FAST FACTS HAWAII
ETrade sales talk sends stock up
NEW YORK » ETrade Financial Corp.
, the second worst-performing stock in the Standard & Poor's
500 Index this year, rose 25 percent on a report the online brokerage is in talks to sell itself or part of its business.
ETrade is speaking to competing firms about a sale of the company or its brokerage operations, the CNBC cable news channel reported yesterday, citing people familiar with the discussions whom it didn't identify.
Earlier this year, ETrade interrupted merger talks with competitors as writedowns at its banking unit led to the first quarterly net loss since 2002. ETrade shares lost half their value Nov. 12 after Citigroup Inc. analyst Prashant Bhatia said the company's forecast for more writedowns may spur customer defections and could lead to bankruptcy.
Greenspan has no regrets
OSLO, Norway » Former Federal Reserve Chairman Alan Greenspan says the deepening slump in the U.S. housing market isn't a result of his policies.
"I have no particular regrets," Greenspan said yesterday in Oslo. "The housing bubble is not a reflection of what we did, as it is a global phenomenon."
Declines in home sales and prices in many U.S. markets signal the housing slump that began in 2006 may extend into its third year, matching the slowdown 18 years ago that ended in the 1991 recession.
The collapse of the U.S. subprime market "was a shocker because no one expected it," Greenspan said. "It was the weakest link in the international financial sector."
Barry Diller expands in China
BEIJING » Media mogul Barry Diller said yesterday his Internet conglomerate, IAC/InterActiveCorp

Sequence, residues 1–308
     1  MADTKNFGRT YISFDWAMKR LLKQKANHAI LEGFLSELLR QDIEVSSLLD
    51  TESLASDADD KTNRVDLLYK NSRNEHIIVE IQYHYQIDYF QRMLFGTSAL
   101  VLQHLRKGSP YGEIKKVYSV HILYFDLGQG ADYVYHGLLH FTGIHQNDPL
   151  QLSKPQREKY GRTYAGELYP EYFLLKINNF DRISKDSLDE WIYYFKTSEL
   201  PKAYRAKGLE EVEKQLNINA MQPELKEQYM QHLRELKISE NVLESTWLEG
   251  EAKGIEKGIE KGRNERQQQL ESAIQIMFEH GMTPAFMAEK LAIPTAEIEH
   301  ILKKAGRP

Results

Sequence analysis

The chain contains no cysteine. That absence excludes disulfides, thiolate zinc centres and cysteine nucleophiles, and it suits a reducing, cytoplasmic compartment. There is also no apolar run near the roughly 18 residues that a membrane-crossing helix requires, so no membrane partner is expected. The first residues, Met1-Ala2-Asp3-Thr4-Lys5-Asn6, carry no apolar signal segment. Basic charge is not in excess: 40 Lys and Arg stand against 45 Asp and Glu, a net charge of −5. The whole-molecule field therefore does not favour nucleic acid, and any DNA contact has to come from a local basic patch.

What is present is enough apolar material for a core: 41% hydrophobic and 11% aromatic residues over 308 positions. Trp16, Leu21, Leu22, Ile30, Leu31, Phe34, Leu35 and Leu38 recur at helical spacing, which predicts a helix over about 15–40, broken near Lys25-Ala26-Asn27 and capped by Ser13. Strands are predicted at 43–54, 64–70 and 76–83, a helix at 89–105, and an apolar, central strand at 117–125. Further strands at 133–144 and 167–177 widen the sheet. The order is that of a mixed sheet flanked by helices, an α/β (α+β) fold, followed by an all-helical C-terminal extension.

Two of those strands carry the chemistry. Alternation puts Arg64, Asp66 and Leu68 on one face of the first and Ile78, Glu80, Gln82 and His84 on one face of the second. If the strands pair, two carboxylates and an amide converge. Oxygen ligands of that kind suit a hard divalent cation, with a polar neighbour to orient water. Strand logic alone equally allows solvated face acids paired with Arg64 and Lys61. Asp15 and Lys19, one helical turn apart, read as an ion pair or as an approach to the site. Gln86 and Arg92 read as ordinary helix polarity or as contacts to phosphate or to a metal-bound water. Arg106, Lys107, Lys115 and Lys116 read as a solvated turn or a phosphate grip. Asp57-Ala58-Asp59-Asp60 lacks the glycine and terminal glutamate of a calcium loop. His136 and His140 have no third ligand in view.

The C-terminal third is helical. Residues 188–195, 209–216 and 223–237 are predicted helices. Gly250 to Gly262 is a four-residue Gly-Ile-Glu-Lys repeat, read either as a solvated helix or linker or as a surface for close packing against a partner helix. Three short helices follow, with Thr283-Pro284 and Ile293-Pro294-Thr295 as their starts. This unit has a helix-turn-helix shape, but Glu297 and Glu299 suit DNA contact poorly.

, will invest $100 million to expand in China by creating services designed for local users.
IAC also will launch its Ask.com search engine in China within two years, Diller told reporters in a meeting over breakfast.
IAC is looking for opportunities to develop or buy businesses geared to Chinese users, Diller said. He said it wants to avoid the fate of Internet outfits that have struggled in China with offerings developed for the United States and other foreign markets.
Subprime woes wash up in Japan
TOKYO » Japanese financial institutions lost as much as $2.1 billion from investments related to risky U.S. housing loans in the half of fiscal 2007, according to a government estimate published by Japanese newspapers yesterday.
The 230 billion-yen losses accounted for about 17 percent of a combined 1.3 trillion yen ($11.9 billion) in securitized holdings that included the so-called subprime loans, according to the Nikkei, one of the newspapers reporting the Financial Services Agency estimate.
The FSA said in its Thursday report that the U.S. subprime problems have so far had a limited impact on Japanese financial institutions. But the losses could expand because of the resulting market turmoil, which has been ongoing since last month, the Nikkei said.